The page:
Cinepub


31 Days Of Horror 15: ParaNorman (2012) by Jamie

So it seems as though I’m still on my nice little animated break from the blood, guts and gore of your more traditional horror fare but this one at least has something more Halloweeny about it than Monsters University what with it’s Zombies and ghosts and witches and such.

ParaNorman is the tale of a young boy named Norman who is obsessed with zombie movie and, it just so happens, can see and speak to the spirits of the dead. He lives in a town that’s only claim to fame is a witch trial some three hundred years prior. The witch it seems placed a curse on those who tried her that would mean that they would rise from their graves, doomed to have their souls trapped in undead bodies for all eternity. Norman comes to learn that this legend actually has a basis in fact and, due to his special ability, it will soon be his responsibility to see that the curse goes unfulfilled for another year. Will he succeed or will the accursed undead rise from their rest?

Well, I should think the answer to that is pretty obvious or else there wouldn’t be a movie. and a movie there is. A rather enjoyable movie as it turns out and one that I’m happy to see doesn’t feel the need to talk down to kids. It’s a movie that realises that you don’t have to talk down to kids. You can make jokes about sex and violence because kids are already making the same jokes on the playground. One character whilst getting Norman to keep a promise by asking him to swear to which Norman responds “You mean like the F word?” These are the kinds of jokes that I can appreciate. Jokes that remind me of my childhood when I heard kids say shit in The Goonies or Elliot call his brother penis-breath in E.T. It’s stuff kids don’t need to be sheltered from because they already know it. It’s honest.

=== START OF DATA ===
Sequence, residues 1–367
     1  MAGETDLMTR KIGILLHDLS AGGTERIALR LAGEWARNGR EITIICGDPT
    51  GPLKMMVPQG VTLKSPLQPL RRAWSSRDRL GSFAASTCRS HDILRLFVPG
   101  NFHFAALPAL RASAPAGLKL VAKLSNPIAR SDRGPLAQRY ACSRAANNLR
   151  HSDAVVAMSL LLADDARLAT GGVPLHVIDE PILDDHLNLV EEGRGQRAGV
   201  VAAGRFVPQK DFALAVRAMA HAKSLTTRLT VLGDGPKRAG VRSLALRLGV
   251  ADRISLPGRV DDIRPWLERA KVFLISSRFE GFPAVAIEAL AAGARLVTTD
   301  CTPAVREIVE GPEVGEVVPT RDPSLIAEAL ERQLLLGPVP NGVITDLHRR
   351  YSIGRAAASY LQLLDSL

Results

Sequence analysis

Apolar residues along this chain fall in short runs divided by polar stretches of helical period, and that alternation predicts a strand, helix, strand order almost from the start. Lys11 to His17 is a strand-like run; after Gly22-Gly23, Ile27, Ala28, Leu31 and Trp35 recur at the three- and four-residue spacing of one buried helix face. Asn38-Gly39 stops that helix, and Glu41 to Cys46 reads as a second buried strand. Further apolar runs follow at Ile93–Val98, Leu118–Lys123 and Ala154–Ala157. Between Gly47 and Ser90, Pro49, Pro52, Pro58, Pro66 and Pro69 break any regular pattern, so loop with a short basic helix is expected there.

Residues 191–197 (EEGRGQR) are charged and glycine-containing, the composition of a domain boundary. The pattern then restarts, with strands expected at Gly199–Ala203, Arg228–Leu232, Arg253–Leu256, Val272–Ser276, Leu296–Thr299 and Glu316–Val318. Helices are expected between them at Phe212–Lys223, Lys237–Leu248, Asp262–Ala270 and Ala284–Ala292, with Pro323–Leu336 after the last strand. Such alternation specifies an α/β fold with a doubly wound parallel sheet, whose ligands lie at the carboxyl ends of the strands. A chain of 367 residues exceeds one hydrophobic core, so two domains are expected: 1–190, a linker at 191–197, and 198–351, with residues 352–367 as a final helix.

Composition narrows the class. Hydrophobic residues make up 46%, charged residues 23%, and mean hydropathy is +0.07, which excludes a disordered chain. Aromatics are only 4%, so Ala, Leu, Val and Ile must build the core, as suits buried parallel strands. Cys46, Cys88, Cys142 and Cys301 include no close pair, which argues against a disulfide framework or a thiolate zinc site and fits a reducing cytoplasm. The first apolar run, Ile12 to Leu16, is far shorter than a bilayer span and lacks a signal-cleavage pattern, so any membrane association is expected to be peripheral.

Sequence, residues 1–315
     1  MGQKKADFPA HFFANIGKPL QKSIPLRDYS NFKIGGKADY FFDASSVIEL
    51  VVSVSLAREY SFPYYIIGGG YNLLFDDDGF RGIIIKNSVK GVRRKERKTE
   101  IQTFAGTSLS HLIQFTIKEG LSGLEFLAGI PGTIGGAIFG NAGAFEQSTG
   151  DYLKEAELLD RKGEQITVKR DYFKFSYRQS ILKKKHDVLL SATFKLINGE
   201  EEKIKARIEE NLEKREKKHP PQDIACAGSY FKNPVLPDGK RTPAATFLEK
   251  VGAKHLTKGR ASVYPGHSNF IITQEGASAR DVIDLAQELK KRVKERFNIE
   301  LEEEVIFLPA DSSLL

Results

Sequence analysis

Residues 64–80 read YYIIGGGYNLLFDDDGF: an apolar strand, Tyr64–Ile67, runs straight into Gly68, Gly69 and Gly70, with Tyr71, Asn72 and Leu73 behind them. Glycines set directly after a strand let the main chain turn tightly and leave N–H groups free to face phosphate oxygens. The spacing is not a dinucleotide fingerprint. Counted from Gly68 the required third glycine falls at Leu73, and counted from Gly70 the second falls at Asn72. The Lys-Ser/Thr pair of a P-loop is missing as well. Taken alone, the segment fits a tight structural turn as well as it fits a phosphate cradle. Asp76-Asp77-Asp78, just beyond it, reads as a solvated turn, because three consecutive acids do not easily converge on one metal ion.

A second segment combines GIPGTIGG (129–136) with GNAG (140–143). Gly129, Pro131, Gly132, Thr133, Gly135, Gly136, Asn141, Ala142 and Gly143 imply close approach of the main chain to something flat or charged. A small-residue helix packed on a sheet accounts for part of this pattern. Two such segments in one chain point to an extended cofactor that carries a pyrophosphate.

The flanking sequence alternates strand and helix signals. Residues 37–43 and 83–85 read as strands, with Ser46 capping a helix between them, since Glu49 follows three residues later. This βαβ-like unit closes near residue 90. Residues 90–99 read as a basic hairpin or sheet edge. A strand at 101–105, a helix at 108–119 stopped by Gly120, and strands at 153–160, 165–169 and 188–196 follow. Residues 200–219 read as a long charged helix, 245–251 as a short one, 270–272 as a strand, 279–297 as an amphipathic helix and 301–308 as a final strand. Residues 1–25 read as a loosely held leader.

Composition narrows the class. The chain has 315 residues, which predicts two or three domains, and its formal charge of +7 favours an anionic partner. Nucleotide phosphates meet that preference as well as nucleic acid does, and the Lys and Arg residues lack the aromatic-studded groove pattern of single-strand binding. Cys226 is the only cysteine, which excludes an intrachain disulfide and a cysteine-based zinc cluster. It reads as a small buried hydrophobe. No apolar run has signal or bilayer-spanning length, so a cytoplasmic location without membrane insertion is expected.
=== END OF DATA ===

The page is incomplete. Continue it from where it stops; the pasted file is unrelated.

There’s also a pretty good message at the heart of this film, the message of acceptance. Yes, that you should always be accepting of others no matter your own prejudices or fears but also acceptance of the fact that some people just won’t like you, they’ll be dicks to you but that doesn’t give you an excuse to be a dick back.

All in all this was a pretty funny and thoroughly enjoyable film. If I have a complaint it’s that it kinda lags a touch in the middle where the talking to ghosts conceit seems to be all but abandoned for a while but it makes up for it with a pretty strong beginning and ending, some nice horror references to things like Halloween and Friday the 13th and by being one of the best looking stop-motion films I’ve ever seen. Three and a half pints out of five. Laterz.

ParaNorman_poster

Advertisements


Review: The Road by Jamie

I don’t think it’s any secret that I love post-apocalyptic films. Hell, I even made a list of my own personal top ten of the genre (Part one and part two). So I was understandably looking forward to finally getting around to seeing ‘The Road’ based on the novel of the same name by Cormac McCarthy. Now I haven’t read the novel so this review is going to be completely from the point of view of someone who only knows the material from the film. Those who’ve read the book may have differing opinions.

The film basically tells the story of a world completely broken by some kind of unspecified disaster. I’m going to guess massive nuclear war although the effects seen in the film could have equally been caused by a massive comet impact. Sure, many would say it’s not important, the disaster isn’t the point of the film. I just like to know what kind of post-apocalyptic hellscape we’re dealing with here. The nuclear scenario has problems that are unique to it such as radiation poisoning that the comet scenario probably wouldn’t have. Alright, I suppose it’s not important.